It’s not hard to see why the Indian markets are racing ahead in the past few weeks. The rise of the global markets and the positive assessment of the opening up of the economy has given a push to the markets. The fact that the global markets are awash with liquidity has also been a keen influence in driving the Nifty 50 past the psychological 10,000 mark. In the past week, the Nifty has gained 8%.

Note that for some time now, the Indian market has been slavishly following the US markets. Since the US announced a massive stimulus package in end-March, both the S&P 500 and the Nifty 50 have gained about 32-37%.

And while foreign investors were sellers for the majority of this period, they have begun opening their taps for Indian stocks lately.

For now, it’s only investor sentiment that has changed. “It doesn’t take much time for sentiment to change in the markets. What one has to focus on is whether the economy is out of the woods. I feel the economic decline is the highest cyclically because of covid. The market often runs ahead of itself. I would not say the market is wrong. But it is sentiment now, which can be very good at times, and quite bad during other times,” says Raamdeo Agrawal, joint managing director, Motilal Oswal Group.

Going by the current slowdown in the economy, the global equity markets may have to rely on more stimulus rather than an earnings growth to drive the markets forward. The US Fed continues to aggressively pump liquidity in the US economy which has expanded its balance sheet significantly since March.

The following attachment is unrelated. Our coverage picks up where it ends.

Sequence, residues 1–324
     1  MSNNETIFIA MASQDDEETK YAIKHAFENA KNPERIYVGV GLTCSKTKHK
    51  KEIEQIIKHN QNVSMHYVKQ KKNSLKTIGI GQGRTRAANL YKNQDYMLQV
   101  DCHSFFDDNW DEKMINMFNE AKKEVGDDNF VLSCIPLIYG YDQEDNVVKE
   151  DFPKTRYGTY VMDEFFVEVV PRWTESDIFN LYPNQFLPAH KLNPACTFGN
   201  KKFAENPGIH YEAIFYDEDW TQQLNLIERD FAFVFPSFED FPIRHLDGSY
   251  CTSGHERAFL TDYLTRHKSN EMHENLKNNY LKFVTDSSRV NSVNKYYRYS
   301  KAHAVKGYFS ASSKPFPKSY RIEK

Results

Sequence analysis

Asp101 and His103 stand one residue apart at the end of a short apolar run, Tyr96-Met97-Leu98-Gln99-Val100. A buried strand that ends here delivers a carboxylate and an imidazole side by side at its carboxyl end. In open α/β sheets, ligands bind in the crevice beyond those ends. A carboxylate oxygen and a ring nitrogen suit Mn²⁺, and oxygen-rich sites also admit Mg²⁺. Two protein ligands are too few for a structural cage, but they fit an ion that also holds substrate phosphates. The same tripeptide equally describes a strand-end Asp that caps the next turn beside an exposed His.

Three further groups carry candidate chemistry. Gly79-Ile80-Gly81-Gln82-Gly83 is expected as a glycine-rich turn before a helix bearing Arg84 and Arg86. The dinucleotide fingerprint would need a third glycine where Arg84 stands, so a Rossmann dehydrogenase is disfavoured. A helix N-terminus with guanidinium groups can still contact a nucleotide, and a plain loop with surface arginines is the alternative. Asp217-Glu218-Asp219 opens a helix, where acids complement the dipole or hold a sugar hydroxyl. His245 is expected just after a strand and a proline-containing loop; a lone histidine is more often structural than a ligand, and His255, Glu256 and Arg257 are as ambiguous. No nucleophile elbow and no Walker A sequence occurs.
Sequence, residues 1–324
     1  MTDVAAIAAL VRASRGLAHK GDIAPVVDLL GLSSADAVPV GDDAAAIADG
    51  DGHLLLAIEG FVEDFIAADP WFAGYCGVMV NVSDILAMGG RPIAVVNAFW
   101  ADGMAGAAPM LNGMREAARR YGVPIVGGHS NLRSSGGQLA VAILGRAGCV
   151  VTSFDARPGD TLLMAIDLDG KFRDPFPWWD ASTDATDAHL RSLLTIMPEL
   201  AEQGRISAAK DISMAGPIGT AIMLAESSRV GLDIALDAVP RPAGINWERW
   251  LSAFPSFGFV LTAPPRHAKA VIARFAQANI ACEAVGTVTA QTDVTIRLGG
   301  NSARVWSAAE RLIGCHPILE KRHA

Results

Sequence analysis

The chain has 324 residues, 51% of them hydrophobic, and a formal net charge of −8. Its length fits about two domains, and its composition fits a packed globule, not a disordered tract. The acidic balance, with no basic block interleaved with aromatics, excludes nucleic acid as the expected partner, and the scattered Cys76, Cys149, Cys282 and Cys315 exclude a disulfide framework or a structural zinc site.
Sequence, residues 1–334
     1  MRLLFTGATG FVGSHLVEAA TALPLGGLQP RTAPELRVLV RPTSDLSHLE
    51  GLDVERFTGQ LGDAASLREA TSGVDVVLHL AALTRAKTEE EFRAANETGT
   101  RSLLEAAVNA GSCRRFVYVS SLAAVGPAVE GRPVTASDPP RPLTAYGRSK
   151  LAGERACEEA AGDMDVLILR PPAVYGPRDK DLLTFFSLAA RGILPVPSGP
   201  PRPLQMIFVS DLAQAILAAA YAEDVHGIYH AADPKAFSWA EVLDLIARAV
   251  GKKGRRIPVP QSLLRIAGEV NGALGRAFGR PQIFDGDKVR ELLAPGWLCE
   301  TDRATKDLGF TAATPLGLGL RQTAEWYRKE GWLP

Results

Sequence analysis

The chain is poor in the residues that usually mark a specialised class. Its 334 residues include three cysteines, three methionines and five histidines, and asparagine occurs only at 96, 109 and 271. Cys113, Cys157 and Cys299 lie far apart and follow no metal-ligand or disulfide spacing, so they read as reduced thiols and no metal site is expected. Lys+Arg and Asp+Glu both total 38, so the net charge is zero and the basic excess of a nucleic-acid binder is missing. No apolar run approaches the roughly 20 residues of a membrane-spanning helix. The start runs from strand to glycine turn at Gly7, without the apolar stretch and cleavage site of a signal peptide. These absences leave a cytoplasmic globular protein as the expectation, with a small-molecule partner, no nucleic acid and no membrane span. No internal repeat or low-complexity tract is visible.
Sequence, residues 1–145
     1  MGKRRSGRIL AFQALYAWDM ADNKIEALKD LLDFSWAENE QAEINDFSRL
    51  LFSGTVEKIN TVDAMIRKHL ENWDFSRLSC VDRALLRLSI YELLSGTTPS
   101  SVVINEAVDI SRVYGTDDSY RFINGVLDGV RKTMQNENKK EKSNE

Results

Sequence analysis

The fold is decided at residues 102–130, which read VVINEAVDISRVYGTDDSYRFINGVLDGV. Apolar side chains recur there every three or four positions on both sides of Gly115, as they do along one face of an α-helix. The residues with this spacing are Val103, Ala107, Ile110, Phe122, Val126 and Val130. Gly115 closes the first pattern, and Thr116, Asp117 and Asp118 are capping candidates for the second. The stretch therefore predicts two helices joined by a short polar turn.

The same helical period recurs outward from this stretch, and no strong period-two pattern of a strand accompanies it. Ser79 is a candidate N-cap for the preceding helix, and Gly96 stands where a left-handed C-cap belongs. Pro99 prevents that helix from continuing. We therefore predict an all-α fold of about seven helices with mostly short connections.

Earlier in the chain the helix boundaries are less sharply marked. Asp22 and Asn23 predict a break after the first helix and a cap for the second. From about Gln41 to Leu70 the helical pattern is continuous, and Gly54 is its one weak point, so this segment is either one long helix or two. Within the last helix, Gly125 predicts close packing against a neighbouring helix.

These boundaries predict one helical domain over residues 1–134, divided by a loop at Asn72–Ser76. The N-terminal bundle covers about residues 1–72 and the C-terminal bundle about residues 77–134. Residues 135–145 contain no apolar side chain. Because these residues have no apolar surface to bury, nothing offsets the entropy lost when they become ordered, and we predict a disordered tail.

The decision to open up the Indian economy is a gradual manner has also improved the expectations from businesses. But with social distancing likely to be the new feature of the day for a while at least, businesses will find it difficult to operate at full capacity. This will also increase operating costs for many businesses. As such, the return to pre-lockdown levels is a distant prospect.

“The economy has to do well for corporates to do well. Covid-19 has dealt a blow that is still unravelling. The market is very optimistic that some remedy will be found. But with social restrictions, the economy cannot get into the same momentum that it was during pre-covid. Growth will be very tough,” says Agrawal.

As such, the markets are seemingly giving the feeling that business recovery is around the corner. But once the June quarter results start to trickle in, some of the ground reality will begin to sink in.

“Our Nifty target of 9,900 for March-end 2021—with upside/downside scenarios of 11,500/6,700—implies unattractive risk-reward after the recent rally,” analysts at UBS Securities India Pvt. Ltd said in a note.

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